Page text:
• The front matter of the AP* Edition includes several unique MasteringBiology is an online platform that can grow
features: along with you and your course—use as few or as many of
• Welcome essay and advice for AP students written by its capabilities as you wish. The CAMPBELL BIOLOGY media
Theresa and Fred Holtzclaw, who are experienced AP Bi- resources you’ve used in the past are all included in the
ology teachers, exam developers, AP lab experts, and MasteringBiology Study Area. So, at its simplest level, AP
graders (pp. vi–vii) courses can use MasteringBiology to access their favorite
• Detailed topic guide that correlates the Ninth Edition media resources for student self-study. In addition, you
content to the current College Board AP Biology cur- can assign homework that is automatically graded within
riculum guidelines (pp. viii–xi) MasteringBiology. For example, you can assign Tutorials
• Comprehensive listing of all print and media supple- that provide students with personalized, online coaching.
ments for AP students and teachers (pp. xxvi–xxvii) Regular and meaningful homework gives students practice
• Pearson Education AP* Test Prep Series: AP Biology, by retrieving information to consolidate and connect what
Fred and Theresa Holtzclaw, has been thoroughly revised they learn in class. With MasteringBiology, you can use
for the new AP Biology exam. This workbook helps stu- pre-built assignments, import your own questions, or edit
dents prepare for success on the AP Biology exam by fo- questions and answers to customize your course. Com-
cusing on the core concepts with content summaries, piled student performance data can be used to pinpoint
guidance on areas covered on the exam year after year, those students in need of help and compare student per-
and AP-like practice quizzes and exams. formance with that of previous classes and with the system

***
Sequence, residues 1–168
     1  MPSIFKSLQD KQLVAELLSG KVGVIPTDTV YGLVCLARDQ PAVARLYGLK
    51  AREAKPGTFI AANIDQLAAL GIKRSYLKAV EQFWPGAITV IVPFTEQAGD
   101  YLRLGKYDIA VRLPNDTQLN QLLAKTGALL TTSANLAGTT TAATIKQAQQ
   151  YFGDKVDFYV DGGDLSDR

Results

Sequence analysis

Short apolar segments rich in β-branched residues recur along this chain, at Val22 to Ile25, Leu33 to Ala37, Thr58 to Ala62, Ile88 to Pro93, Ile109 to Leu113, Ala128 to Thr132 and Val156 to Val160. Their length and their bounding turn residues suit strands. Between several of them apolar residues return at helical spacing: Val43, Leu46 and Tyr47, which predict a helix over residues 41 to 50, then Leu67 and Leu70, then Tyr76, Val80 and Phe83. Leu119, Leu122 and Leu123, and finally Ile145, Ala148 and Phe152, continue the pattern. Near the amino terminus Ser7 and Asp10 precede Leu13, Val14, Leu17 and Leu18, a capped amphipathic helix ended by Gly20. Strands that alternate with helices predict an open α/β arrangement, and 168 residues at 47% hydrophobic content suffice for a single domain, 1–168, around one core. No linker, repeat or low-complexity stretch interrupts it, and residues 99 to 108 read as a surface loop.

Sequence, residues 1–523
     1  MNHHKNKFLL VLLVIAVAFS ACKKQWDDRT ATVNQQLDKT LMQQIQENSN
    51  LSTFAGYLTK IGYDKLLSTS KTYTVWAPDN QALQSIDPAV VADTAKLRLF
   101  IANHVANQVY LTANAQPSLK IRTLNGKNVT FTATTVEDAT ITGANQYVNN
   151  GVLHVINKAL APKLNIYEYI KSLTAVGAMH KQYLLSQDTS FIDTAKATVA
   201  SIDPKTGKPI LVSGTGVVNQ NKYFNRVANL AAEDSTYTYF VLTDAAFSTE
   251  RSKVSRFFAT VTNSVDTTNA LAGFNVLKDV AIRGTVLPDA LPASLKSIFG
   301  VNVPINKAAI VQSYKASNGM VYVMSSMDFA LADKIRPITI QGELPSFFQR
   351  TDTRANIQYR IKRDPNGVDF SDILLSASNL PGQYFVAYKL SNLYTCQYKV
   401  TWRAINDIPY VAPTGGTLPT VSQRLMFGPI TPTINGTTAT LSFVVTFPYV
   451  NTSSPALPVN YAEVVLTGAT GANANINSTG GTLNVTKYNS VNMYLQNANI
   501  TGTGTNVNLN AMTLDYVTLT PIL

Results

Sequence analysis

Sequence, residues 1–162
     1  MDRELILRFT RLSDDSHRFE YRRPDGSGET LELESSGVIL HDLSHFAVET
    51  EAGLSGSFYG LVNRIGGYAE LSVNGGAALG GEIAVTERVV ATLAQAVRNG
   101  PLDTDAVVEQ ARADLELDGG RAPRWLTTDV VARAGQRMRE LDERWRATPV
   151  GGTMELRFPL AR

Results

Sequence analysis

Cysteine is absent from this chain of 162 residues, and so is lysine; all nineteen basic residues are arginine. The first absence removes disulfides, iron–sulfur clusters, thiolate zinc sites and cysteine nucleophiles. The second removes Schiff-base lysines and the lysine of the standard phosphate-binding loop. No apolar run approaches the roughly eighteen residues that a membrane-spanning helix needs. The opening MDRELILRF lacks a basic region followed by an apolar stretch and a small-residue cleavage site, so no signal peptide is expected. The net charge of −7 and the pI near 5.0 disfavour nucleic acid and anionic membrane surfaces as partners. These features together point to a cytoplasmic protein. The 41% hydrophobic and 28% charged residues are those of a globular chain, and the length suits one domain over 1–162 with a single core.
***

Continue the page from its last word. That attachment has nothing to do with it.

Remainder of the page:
• Also written by Fred and Theresa Holtzclaw, the Pearson average. Student results can be easily exported to spread-
Active Reading Guide for CAMPBELL BIOLOGY 9e AP* Edi- sheets and then imported into other course management
tion instructs students on how to tackle the toughest chal- systems. Teachers and students can also use MasteringBiol-
lenges of an AP course: reading for understanding, active ogy to communicate through announcements, e-mail, and
learning, and mastering vocabulary. Intended to be used document posting.

iv Welcome to AP* Edition of CAMPBELL BIOLOGY, Ninth Edition


A01_REEC5048_09_AP_FM.QXD 1/25/13 6:30 PM Page v

What is in MasteringBiology®?
For the AP Teacher For the AP Student

MasteringBiology Assignments: Assign automatically graded MasteringBiology Assignments: Automatically graded items
items (see list on the right) and make use of the following features: include:
• Flexible Course Creation: Build your own assignments: • Tutorials: Self-paced tutorials with individualized coaching
and automatic feedback: BioFlix®, Make Connections, Experi-
• Choose from a wide range of items correlated to each chapter
mental Inquiry, and Data Analysis
• Import your own questions
• Activities: Interactive exercises with multiple-choice ques-
• Edit existing questions
tions and automatic feedback: narrated Activities, Video Tutor
• Gradebook: Student results are automatically recorded in an elec- Sessions, Videos, and GraphIt! exercises.
tronic gradebook that displays patterns and reveals vulnerable students.
• Multiple-Choice Questions: Assignable questions for all topics in
• Communication Tools: Create class-specific announcements, a chapter: Reading Quizzes, Test Bank Questions, Student Misconcep-
e-mail, and post documents. tions Questions, and End-of-Chapter Questions from the textbook.